System Performance

Following our Snapdragon 855 device overview, we should be relatively familiar with how the Xiaomi Mi9 performs. The chipset is by now a very well known component and various devices with the silicon will only ever differ by the software stack implementation by the vendor.

In Xiaomi’s case in the Mi9, I didn’t see anything particularly standing out for the phone, performing quite well but also not particularly distinguishing itself as being among the best nor worst performers amongst its Snapdragon 855 siblings.

PCMark Work 2.0 - Web Browsing 2.0 PCMark Work 2.0 - Video Editing PCMark Work 2.0 - Writing 2.0PCMark Work 2.0 - Photo Editing 2.0PCMark Work 2.0 - Data ManipulationPCMark Work 2.0 - Performance

Unfortunately, in the default mode in PCMark, the Reno 10x didn’t quite keep up with some other Snapdragon 855 devices, ending with actually some of the worst scores amongst its competition, something particularly visible in the web browsing and writing sub-tests. Here it looks like Oppo chose to tune the software quite conservatively compared to other vendors.

Speedometer 2.0 - OS WebViewWebXPRT 3 - OS WebView

In the JS browser performance tests, we also find that the Reno 10x lands amongst the lower performance devices, although the absolute differences here are more minor.

In my subjective experience with the phone, it’s again much like on other Snapdragon 855 phones: Whilst the Oppo does feel ever so slightly slower than other flagship devices, the difference isn’t all that big and it’s still a plenty fast phone. I suppose it’s a balance Oppo chose to make in order to improve the battery efficiency of the phone, which we’ll get back to in a later section.

Introduction & Design Machine Learning Inference Performance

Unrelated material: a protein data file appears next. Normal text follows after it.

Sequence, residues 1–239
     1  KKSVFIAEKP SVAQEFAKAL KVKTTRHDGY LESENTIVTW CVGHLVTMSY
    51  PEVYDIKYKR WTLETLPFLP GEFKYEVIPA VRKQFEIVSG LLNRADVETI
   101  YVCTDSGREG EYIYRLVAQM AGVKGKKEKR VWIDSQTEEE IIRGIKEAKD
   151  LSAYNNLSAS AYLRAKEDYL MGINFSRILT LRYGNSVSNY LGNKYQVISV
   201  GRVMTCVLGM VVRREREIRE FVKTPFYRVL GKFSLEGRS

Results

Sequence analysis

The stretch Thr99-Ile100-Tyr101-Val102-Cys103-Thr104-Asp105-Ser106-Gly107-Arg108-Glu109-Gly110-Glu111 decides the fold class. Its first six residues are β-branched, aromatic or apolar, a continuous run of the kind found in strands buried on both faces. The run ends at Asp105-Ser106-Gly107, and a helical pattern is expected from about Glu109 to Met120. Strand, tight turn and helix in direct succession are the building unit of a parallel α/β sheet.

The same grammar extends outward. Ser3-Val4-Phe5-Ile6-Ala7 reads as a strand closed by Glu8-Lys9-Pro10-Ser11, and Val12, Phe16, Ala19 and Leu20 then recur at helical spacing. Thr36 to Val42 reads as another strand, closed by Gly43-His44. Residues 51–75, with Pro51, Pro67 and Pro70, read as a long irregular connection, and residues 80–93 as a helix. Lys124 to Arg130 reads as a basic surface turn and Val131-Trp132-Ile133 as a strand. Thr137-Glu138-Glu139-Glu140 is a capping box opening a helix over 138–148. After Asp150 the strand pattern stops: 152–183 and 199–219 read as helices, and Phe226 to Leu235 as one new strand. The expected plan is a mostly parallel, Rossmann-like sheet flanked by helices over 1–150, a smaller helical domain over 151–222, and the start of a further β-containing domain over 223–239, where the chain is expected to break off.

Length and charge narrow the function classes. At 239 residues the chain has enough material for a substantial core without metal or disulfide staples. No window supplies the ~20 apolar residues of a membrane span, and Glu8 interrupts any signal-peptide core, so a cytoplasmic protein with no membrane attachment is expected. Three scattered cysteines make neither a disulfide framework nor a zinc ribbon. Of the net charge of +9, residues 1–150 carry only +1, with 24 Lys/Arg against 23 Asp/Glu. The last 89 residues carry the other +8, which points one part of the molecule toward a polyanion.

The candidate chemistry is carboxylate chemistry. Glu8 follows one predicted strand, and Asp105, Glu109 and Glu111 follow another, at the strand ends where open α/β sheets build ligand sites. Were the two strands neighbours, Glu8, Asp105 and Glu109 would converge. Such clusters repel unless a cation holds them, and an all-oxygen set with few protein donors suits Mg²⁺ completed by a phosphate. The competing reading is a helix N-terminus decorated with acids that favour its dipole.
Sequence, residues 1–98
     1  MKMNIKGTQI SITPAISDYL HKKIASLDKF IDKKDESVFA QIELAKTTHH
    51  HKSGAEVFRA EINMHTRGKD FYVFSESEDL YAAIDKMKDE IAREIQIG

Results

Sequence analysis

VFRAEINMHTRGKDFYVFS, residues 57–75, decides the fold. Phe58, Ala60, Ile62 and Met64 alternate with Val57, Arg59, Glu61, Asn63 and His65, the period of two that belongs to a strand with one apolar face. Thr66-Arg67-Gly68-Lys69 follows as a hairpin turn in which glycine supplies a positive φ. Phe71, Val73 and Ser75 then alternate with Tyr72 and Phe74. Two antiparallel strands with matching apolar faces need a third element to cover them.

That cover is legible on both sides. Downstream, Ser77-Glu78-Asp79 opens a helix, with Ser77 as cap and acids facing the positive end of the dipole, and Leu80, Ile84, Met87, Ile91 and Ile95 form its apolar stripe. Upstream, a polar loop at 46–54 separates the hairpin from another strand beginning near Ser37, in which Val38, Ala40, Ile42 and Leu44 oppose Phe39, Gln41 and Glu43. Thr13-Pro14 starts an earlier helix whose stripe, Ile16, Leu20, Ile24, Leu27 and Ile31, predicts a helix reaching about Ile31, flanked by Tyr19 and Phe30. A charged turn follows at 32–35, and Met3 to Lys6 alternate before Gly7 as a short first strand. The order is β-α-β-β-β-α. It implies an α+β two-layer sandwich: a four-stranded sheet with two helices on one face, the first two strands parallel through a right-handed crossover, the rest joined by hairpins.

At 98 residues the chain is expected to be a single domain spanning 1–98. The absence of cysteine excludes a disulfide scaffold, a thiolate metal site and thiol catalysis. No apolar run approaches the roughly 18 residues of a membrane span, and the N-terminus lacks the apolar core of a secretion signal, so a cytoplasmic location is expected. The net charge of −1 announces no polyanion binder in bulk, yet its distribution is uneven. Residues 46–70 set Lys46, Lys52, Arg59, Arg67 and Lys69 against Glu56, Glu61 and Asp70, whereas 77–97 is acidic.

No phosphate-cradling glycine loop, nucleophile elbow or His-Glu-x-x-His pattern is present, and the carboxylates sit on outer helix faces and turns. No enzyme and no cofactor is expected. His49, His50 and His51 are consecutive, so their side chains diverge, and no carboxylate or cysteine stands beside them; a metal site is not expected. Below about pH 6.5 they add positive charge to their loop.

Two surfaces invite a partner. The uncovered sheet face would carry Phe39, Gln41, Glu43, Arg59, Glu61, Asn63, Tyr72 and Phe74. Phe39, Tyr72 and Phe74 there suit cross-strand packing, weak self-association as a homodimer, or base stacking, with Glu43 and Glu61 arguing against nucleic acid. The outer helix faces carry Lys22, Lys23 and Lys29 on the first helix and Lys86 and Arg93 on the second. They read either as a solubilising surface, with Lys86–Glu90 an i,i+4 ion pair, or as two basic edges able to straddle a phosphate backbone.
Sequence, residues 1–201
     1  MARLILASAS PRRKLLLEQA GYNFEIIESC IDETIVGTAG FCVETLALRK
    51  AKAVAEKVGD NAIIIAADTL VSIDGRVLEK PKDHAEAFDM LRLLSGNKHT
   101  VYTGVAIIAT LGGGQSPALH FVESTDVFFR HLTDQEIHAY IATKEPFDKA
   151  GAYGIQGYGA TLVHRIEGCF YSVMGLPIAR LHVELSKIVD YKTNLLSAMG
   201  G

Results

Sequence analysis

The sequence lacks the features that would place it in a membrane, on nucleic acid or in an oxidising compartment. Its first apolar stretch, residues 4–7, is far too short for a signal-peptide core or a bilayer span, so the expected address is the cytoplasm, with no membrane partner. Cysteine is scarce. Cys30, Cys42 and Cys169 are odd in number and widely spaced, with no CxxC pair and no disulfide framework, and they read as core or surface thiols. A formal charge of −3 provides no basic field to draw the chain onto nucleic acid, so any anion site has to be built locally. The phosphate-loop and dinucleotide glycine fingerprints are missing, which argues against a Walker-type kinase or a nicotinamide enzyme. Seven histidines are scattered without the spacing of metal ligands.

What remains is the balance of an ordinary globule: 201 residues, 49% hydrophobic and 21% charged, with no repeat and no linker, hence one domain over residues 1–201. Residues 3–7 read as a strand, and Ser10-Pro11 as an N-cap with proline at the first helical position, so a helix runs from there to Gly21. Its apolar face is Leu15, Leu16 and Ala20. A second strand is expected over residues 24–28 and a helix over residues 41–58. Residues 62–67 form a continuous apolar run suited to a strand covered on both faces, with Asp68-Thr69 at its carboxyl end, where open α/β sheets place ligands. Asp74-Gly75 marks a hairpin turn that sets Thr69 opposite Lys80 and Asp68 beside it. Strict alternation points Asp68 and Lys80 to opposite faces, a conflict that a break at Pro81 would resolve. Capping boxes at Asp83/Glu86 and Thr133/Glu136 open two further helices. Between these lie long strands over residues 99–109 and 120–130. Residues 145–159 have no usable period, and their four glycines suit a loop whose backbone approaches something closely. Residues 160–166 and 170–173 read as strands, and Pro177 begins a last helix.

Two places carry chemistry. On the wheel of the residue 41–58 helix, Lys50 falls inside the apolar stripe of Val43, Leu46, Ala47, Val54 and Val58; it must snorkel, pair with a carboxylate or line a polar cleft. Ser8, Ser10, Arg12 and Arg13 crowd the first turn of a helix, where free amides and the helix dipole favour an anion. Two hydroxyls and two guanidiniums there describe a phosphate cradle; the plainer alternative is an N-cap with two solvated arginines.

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  • Alistair - Wednesday, September 18, 2019 - link

    Everytime I get excited by new phones I check the weight and am shocked at how heavy they are. The iPhone XR is very wide and heavy also, all these phones are 190g to 250g.

    I'll take the LG G8 or Samsung S10 just for the weight savings (150-160g), I'll keep the notch or hole instead.
    Reply
  • Andrei Frumusanu - Wednesday, September 18, 2019 - link

    Wholeheartedly agree. Reply
  • close - Saturday, September 21, 2019 - link

    Phones get bigger and the weight scale of phone materials tends to follow the famed "premium feel" scale (polycarbonate<aluminum<glass<ceramic<steel) promoted for years.

    This is larger than an S10+ or a G8 but other than that is there anything in particular that would make it heavier than any other phone with Gorilla Glass front and back and steel frame? Wonder if the mechanical motorized slide-out camera is a major contributor.
    Reply
  • flyingpants265 - Wednesday, September 18, 2019 - link

    Wow, the thing that matters the absolute least out of every aspect of a phone.. Reply
  • Alistair - Wednesday, September 18, 2019 - link

    If you use it a lot and you feel fatigued because it is too heavy or hard to hold, that is the most important aspect of a "mobile" phone. Reply
  • Alistair - Wednesday, September 18, 2019 - link

    Like how people don't care about the weight of their laptop, unless their use case is carrying it around in their backpack all day. Reply
  • StevoLincolnite - Wednesday, September 18, 2019 - link

    It's not the end of the world.
    250g isn't significant, I work out... If it's an issue for you, perhaps you should too?
    Reply
  • antifocus - Wednesday, September 18, 2019 - link

    It's about the perception of the weight, the extra 250g can very well make you uncomfortable during travel. Reply
  • nils_ - Sunday, September 22, 2019 - link

    That's the part where I care about it the least, though I generally don't care as much about the weight or height. If the compromise is between weight/height and performance/cooling, I'd rather have more performance. Reply
  • Notmyusualid - Sunday, October 06, 2019 - link

    Whimp. Reply

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